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Special topics courses

Fall 2022 Offerings

SI 311.030 Sports Analytics with Professor T. Finholt

In this course students will work with the instructor and with training/coaching personnel in U-M Athletics to address a set of analyses related to athlete health, safety or performance, such as by using data gathered from: tracking devices worn in practice and competition (e.g., Catapult); cameras (e.g., TrackMan); or boxscore and other statistical data (e.g, Pro Football Focus).  These datasets can be large and complex. For example, wearables data typically consist of a hundred records per second with a dozen or so variables per record (e.g., distance traveled, direction of movement, number of explosive movements) – collected longitudinally across up to fifteen athletes per team per season.

Pre-requisites: Students should have completed (or be currently taking) an introductory level stats course (e.g., STATS 250) and an introductory programming course (e.g., EECS 183, ENGR 101/151 or INFO 106).

SI 311.050 SQL & Databases with Professor M. Hess

This course will introduce the students to beginning and intermediate database concepts to prepare the student to use databases as part of a data analysis workflow. The students will learn data modeling, SQL Syntax, understanding how to evaluate different database systems for suitability, how to evaluate and improve the performance of database operations, how to use a database in a multi-step analysis process.

SI 311.149 Privacy & Surveillance with Professor S. Berman

Ubiquitous technology, pervasive data collection, machine learning and artificial intelligence have led to an unprecedented ability for individuals and organizations to watch, observe,  and surveil. This course will examine the intersections of observation, surveillance and privacy from a variety of interdisciplinary perspectives, and, informed by the past and present, critically explore potential future scenarios and outcomes.

SI 311.150  Automotive User Interfaces with Professor J. Rampton

Taught by industry professionals who currently work in the automotive industry, this course provides hands-on experience with the best practices and theory that exist within Automotive User Experience (UX) design space. Students will be asked to create designs of their own to convey their understanding. The primary context for this class will be the in-vehicle digital interfaces, but other devices such as mobile, web, and physical devices (ex. Charging stations, key fobs) will be referenced. This class will not cover exterior automotive design.

Winter 2022 Offerings 

SI 311-001: Social Movements & The Internet with Professor J. Sheng

Over the past few decades, social movements have increasingly relied on social movement participants leveraging internet technologies in mobilization, coordination, and public outreach to assist in their movement goals. How have new online tools such as social media and digital connectivity changed the processes of contemporary social movements? This course examines the ways social movements have adapted to online technologies to critically think about how the internet has altered traditional forms of social movement mobilization. We start with an introduction and review of traditional social movement literatures, building up to recent scholarship that examines how the internet has changed social movements. The last few weeks are focused on different contemporary social movement case studies where the internet played an important role, including the Arab Spring, Black Lives Matter, LGBTQ equality, feminism and the #MeToo movement, recent international social movements, and the internet’s role in the Jan. 6 storming of the U.S. Capitol. Students will be encouraged to think about the ways social movement processes have been accelerated and/or changed due to online technologies.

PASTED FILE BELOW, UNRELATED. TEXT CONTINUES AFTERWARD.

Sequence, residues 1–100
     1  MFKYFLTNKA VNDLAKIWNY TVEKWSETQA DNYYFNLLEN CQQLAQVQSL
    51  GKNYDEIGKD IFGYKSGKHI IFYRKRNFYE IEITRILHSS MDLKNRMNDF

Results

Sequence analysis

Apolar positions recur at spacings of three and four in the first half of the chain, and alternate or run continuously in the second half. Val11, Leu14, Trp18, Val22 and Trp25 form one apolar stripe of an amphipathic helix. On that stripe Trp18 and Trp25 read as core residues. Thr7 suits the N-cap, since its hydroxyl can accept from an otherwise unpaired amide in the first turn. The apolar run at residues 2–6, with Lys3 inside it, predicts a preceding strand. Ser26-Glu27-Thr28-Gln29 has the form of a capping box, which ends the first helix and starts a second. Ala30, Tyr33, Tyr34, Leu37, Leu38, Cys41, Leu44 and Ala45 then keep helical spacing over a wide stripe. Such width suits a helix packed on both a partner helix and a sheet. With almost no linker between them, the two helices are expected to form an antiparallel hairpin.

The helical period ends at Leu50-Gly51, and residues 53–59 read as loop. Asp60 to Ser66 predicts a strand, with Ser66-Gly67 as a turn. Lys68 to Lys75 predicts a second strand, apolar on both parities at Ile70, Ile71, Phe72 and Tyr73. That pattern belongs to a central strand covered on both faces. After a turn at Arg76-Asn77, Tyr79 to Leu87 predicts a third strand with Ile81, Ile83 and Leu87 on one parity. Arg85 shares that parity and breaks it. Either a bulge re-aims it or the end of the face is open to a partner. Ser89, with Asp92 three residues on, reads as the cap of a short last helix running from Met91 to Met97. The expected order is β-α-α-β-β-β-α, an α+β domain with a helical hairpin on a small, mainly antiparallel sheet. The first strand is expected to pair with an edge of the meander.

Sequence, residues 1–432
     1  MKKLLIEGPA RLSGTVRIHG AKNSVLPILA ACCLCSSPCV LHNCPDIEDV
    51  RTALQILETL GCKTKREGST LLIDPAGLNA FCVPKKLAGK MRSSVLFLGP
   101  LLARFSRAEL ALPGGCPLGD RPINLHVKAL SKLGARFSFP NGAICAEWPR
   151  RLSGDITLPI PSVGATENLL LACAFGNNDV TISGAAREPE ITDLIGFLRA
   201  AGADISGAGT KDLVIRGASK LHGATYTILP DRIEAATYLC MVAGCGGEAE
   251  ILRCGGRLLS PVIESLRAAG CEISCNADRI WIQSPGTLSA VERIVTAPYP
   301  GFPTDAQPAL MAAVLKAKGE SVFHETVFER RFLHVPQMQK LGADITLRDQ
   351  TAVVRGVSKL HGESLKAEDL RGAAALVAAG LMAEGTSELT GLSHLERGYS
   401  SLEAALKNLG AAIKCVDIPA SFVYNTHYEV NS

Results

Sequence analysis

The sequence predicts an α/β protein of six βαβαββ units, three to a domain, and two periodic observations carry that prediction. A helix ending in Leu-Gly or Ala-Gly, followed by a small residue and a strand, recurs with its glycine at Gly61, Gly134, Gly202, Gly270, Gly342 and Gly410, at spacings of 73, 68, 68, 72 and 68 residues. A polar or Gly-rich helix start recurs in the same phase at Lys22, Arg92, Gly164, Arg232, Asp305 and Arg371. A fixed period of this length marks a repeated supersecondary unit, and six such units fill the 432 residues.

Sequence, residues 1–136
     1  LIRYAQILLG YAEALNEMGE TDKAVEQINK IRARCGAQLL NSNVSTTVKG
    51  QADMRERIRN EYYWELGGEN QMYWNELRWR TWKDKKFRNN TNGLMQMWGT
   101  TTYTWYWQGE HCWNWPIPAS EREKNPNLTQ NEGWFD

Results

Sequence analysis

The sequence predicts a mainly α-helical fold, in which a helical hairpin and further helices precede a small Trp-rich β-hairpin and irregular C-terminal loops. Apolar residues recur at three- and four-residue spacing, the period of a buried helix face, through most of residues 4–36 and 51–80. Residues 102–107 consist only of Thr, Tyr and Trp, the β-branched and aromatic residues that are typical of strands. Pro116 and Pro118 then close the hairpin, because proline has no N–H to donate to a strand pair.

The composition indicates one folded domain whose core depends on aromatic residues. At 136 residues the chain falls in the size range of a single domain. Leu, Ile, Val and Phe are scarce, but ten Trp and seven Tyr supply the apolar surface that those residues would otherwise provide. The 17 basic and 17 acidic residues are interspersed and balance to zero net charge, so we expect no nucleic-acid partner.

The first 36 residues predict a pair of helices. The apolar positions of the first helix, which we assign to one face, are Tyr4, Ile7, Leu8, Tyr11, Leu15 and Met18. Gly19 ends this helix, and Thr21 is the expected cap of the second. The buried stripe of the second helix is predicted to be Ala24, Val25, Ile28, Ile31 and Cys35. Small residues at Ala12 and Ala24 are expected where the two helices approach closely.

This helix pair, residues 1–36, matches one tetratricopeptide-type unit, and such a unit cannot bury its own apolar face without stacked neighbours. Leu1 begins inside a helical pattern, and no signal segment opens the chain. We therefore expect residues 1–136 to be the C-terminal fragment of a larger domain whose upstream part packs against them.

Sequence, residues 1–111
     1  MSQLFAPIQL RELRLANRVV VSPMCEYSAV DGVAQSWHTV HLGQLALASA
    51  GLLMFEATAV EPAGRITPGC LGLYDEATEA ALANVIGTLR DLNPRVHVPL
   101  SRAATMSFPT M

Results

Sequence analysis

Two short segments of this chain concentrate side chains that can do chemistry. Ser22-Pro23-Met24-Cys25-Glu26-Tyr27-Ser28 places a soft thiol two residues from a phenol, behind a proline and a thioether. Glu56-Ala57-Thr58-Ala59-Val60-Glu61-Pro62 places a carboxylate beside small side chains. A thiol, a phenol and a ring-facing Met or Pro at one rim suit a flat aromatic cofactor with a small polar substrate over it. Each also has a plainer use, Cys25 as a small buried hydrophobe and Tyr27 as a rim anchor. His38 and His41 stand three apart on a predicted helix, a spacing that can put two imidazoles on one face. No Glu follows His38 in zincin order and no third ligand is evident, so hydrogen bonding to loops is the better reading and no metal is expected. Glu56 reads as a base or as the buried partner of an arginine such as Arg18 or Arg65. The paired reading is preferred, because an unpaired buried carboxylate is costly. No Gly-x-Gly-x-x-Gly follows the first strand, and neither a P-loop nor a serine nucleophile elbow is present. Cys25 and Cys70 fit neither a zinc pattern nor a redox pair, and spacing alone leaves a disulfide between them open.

SI 311-003: Sports Analytics with Professor T. Finholt

In this course students will work with the instructor and with training/coaching personnel in U-M Athletics to address a set of analyses related to athlete health, safety or performance, such as by using data gathered from: tracking devices worn in practice and competition (e.g., Catapult); cameras (e.g., TrackMan); or boxscore and other statistical data (e.g, Pro Football Focus).  These datasets can be large and complex. For example, wearables data typically consist of a hundred records per second with a dozen or so variables per record (e.g., distance traveled, direction of movement, number of explosive movements) – collected longitudinally across up to fifteen athletes per team per season.

Pre-requisites: Students should have completed (or be currently taking) an introductory level stats course (e.g., STATS 250) and an introductory programming course (e.g., EECS 183, ENGR 101/151 or INFO 106).